The increasing numbers of particles with spin would result in higher levels of spacetime torsion. The repulsive torsion would stop the collapse and would create a "big bounce" like a compressed beach ball that snaps outward. The rapid recoil after such a big bounce could be what has led to our expanding universe. The result of this recoil matches observations of the universe's shape, geometry, and distribution of mass.

In turn, the torsion mechanism suggests an astonishing scenario: every black hole would produce a new, baby universe inside. If that is true, then the first matter in our universe came from somewhere else. So our own universe could be the interior of a black hole existing in another universe. Just as we cannot see what is going on inside black holes in the cosmos, any observers in the parent universe could not see what is going on in ours.

The motion of matter through the black hole's boundary, called an "event horizon," would only happen in one direction, providing a direction of time that we perceive as moving forward. The arrow of time in our universe would therefore be inherited, through torsion, from the parent universe.

Finally, torsion could be the source of "dark energy," a mysterious form of energy that permeates all of space and increases the rate of expansion of the universe. Geometry with torsion naturally produces a "cosmological constant," a sort of added-on outward force which is the simplest way to explain dark energy. Thus, the observed accelerating expansion of the universe may end up being the strongest evidence for torsion.

2 Answers 2

The important quantity associated with a black hole is the event horizon area. The volume contained inside is not what one would think of as $V = 4pi r^3/3$. More on the volume later. The important quantitiy is the area of the event horizon. The reason is that from the perspective of an exterior observer this is the limit of observation. Everything that falls into the black hole is observed to have its observed time intervals on a clock dilated or slowed as radiation it emits is red shifted arbitrarily far.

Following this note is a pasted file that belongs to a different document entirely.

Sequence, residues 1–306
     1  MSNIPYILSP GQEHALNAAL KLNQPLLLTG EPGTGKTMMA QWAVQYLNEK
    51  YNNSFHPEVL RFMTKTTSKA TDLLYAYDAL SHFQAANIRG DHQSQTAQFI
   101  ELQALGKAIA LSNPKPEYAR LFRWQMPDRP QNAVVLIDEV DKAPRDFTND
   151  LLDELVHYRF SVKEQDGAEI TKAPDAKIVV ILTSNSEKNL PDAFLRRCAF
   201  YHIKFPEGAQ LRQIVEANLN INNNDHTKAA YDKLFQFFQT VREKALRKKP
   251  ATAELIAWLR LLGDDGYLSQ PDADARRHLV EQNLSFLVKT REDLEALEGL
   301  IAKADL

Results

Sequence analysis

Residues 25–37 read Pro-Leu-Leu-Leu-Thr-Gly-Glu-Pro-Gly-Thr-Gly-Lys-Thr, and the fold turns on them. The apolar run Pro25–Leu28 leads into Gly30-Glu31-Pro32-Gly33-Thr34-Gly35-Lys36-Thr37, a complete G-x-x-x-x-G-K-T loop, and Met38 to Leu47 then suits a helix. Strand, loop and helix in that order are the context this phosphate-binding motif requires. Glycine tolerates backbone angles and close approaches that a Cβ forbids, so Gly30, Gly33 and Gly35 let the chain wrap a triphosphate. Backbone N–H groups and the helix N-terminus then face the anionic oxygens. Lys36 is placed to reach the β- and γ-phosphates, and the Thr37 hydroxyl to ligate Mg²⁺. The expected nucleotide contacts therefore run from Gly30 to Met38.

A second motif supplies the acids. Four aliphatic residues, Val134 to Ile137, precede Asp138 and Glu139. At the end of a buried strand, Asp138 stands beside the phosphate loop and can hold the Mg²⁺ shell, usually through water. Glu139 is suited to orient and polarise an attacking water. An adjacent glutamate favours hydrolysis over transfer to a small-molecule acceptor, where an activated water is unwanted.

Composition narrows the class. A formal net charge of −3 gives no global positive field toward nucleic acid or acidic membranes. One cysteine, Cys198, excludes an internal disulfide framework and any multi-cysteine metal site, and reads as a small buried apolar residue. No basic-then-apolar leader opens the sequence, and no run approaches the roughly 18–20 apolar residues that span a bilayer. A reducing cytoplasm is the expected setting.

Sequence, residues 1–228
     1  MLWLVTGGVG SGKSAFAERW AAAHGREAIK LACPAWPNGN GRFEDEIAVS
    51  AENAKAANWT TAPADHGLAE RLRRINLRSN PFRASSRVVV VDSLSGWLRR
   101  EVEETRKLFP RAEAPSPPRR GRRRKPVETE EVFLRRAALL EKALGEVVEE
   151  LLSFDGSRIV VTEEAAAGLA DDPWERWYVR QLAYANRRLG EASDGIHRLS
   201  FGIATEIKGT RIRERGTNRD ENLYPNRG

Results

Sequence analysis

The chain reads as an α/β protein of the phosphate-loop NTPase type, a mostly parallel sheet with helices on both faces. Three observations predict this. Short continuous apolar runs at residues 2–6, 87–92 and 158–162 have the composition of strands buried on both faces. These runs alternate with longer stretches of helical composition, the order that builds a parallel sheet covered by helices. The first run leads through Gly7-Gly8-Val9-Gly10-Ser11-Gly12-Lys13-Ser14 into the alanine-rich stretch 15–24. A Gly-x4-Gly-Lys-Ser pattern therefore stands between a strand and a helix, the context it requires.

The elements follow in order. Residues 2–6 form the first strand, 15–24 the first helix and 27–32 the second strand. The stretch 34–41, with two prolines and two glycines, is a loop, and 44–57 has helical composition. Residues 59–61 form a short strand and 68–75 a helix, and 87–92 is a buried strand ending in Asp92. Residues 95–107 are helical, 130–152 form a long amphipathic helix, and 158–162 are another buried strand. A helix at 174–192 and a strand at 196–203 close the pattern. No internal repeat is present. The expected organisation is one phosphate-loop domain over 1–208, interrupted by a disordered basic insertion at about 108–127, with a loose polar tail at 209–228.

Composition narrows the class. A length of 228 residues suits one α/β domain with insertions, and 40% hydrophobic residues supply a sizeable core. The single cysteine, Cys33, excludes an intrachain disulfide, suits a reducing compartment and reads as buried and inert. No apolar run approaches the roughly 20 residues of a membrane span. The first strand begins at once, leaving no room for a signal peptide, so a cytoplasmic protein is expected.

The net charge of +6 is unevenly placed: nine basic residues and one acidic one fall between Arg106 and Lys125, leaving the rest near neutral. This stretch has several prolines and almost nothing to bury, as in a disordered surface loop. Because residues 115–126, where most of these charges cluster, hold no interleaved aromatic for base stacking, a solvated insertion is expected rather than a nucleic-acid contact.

The Schwarzschild metric for a nonrotating black hole of mass $M$ gives the line element $ ds^2 = left(1 - frac<2m> ight)dt^2 - left(1 - frac<2m> ight)^<-1>dr^2 – r^2dOmega^2

m = GM/c^2 . $ For null rays we have the interval is zero $ds = 0$ and we proceed to compute the clock time $t$ on a standard coordinate frame of a very distant observer for the time it takes a photon to radially escape from some distance $R$ form a black hole $ int^Tdt = int_R^infty left(1 - frac<2m> ight)dr = R - 2m ln(R - 2m) $ clearly this becomes infinite as $R ightarrow 2m$. Physically this means that everything that made the black hole, including the original star that imploded into it are “pasted” right above the event horizon. It is as if the black hole has a geological layer cake structure of everything that went into it. Notice there is no reference at all to anything in the interior. The observer on the outside, which is the wise place to remain if you wish to keep living, witnesses everything about the black hole as pinned on the event horizon, and this is one basis for the holographic principle.

All of the stuff that composes the black hole forms the entropy of the black hole. The Bekenstein entropy for the area of a black hole event horizon $ S = k

The interior of a black hole is only accessible to those who enter it. This is at least the case for a classical black hole. For a quantum black hole there may be some fluctuations of the horizon which make quantum information of a black hole a superposition of states outside and inside. I will not go into that for now. For the pure Schwarzschild black hole the Penrose diagram The event horizon as seen by an observer in our universe is on the right. Once you cross the horizon it splits and the horizon separating the interior of the black hole from our universe and the other horizon separating the other universe from the interior grow apart. In this eternal black hole diagram, which is a sort of mathematical idealization, the horizons grow infinitely far apart. This means the spatial region in the interior grows, and becomes infinitely large at the singularity $r = 0$.